Drs. Mehmet Oz and Dr. Mike Roizen
Dr. Mehmet Oz is host of the popular TV show “The Dr. Oz Show.” He is a professor in the Department of Surgery at Columbia University and directs the Cardiovascular Institute and Complementary Medicine Program and New York-Presbyterian Hospital.

Dr. Mike Roizen is chief medical officer at the Cleveland Clinic Wellness Institute, an award-winning author, and has been the doctor to eight Nobel Prize winners and more than 100 Fortune 500 CEOs.

Dr. Mehmet Oz,Dr. Mike Roizen

Tags: music | brain function | benefits of playing a musical instrument | music and dementia | Dr. Oz

Music: Defense Against Dementia

Dr. Mehmet Oz, M.D. and Dr. Mike Roizen, M.D. By Thursday, 27 September 2012 08:47 AM EDT Current | Bio | Archive

Humpback whales sing; honeybees buzz; even trained dogs can croon (check out the 93,000 YouTube segments of would-be-Pavarotti pooches). Music expresses complex emotions, impresses brain function, and just plain makes us all happier and smarter — particularly if you have the chance to play an instrument when you're young. (A well-kept secret: You don't even have to have much talent!) Infants who play interactive music games with parents are easier to soothe and more expressive. And if you have just one to five years of music lessons as a kid and you never touch an instrument again, your adult brain will still sing arias — although they're not guaranteed to be on key! Throughout your life, you'll be better at listening to others and at learning.

How does music do all that? It lights up many parts of the brain that groove to rhythm and melody, particularly centers that control emotions, motion, and creativity. And that increases your visual and verbal — not just auditory — skills.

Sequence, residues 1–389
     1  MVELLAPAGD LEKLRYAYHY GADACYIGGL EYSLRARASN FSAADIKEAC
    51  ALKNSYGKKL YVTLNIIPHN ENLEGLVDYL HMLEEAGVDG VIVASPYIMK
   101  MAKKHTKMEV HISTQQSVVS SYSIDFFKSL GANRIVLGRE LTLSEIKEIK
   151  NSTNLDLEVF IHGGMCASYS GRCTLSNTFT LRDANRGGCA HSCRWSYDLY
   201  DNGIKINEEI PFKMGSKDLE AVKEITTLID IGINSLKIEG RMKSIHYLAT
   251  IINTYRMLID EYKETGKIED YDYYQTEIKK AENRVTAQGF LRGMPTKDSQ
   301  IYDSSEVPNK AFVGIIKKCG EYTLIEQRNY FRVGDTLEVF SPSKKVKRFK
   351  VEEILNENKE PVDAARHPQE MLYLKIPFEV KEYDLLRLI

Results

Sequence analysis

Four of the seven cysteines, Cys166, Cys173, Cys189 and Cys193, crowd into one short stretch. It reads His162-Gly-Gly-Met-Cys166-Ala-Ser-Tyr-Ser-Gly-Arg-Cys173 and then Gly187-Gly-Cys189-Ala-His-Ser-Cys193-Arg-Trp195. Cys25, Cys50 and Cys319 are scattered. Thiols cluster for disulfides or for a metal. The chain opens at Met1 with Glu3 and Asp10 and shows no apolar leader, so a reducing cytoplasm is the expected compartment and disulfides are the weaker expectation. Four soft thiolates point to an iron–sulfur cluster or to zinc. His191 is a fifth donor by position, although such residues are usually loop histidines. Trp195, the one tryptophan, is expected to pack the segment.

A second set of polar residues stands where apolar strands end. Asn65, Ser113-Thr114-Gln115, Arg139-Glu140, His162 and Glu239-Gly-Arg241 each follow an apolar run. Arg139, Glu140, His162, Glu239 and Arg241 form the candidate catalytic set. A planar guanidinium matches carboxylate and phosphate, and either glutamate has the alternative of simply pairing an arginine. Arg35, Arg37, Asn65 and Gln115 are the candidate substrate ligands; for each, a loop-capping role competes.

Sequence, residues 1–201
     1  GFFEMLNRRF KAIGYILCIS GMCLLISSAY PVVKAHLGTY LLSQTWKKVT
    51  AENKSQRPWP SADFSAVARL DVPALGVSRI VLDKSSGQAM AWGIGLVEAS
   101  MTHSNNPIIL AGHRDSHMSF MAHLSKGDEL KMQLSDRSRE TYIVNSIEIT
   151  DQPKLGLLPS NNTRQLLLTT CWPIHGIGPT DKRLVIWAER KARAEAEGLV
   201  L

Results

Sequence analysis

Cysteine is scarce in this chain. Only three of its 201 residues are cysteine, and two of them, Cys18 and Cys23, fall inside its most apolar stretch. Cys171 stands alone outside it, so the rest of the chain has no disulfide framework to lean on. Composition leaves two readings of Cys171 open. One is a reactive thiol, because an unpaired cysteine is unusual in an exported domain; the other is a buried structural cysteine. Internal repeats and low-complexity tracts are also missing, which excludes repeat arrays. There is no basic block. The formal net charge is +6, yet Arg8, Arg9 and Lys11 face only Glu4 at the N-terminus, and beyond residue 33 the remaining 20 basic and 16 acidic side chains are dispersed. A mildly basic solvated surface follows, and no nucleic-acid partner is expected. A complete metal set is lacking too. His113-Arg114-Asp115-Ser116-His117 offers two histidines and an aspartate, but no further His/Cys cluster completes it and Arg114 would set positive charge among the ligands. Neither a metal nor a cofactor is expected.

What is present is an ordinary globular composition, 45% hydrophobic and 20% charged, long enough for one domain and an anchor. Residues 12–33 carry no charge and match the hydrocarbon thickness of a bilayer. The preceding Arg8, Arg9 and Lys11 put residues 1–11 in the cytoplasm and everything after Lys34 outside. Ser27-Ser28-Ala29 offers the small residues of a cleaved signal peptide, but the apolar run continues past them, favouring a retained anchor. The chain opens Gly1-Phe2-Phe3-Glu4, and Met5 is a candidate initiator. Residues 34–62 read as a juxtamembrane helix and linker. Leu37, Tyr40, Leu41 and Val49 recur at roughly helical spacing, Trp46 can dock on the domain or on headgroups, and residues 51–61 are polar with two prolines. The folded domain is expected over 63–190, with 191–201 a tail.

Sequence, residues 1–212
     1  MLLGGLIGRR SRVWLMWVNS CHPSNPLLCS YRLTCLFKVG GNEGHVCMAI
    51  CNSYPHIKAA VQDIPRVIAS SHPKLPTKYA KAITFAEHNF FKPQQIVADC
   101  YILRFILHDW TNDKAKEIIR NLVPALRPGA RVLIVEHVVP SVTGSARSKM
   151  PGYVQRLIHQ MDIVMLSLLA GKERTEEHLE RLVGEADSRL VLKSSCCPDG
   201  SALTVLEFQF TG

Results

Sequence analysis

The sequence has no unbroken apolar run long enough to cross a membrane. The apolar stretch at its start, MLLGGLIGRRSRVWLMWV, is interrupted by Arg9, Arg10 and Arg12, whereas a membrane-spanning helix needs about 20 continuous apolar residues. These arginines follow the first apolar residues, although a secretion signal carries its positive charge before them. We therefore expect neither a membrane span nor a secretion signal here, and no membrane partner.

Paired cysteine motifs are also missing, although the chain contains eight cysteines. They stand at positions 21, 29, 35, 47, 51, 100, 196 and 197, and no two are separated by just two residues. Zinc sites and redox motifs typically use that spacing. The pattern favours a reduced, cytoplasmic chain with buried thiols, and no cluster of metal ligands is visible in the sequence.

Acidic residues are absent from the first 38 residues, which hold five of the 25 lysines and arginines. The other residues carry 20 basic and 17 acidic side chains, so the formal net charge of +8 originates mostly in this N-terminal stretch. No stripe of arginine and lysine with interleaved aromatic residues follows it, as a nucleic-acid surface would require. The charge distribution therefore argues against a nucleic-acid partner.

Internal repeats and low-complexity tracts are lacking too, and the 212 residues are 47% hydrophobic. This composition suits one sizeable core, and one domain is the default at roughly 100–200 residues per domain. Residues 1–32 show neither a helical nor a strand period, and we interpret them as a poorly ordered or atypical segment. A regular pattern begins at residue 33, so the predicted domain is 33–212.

So let the kids beat on the pots and pans (well, OK, maybe draw a line there), encourage piano lessons, and don't let your school eliminate music classes (in some states, half of all music classes have disappeared in the past five years).

And if you didn't have music lessons as a kid, don't feel discouraged. You still can kick-start your inner Van Cliburn. Adults who take up an instrument gain great rewards: stress reduction, increased self-esteem, and a defense against dementia. Start up the band!

© 2012 Michael Roizen, M.D. and Mehmet Oz, M.D.
Distributed by King Features Syndicate, Inc.

© 2024 NewsmaxHealth. All rights reserved.

Music offers many benefits, from enhancing brain function to defending against dementia to making us happier.
music,brain function,benefits of playing a musical instrument,music and dementia,Dr. Oz
Thursday, 27 September 2012 08:47 AM
Newsmax Media, Inc.

Sign up for Newsmax’s Daily Newsletter

Receive breaking news and original analysis - sent right to your inbox.

(Optional for Local News)
Privacy: We never share your email address.
Join the Newsmax Community
Read and Post Comments
Please review Community Guidelines before posting a comment.
Find Your Condition
Get Newsmax Text Alerts

The information presented on this website is not intended as specific medical advice and is not a substitute for professional medical treatment or diagnosis. Read Newsmax Terms and Conditions of Service.

Newsmax, Moneynews, Newsmax Health, and Independent. American. are registered trademarks of Newsmax Media, Inc. Newsmax TV, and Newsmax World are trademarks of Newsmax Media, Inc.

© Newsmax Media, Inc.
All Rights Reserved
© Newsmax Media, Inc.
All Rights Reserved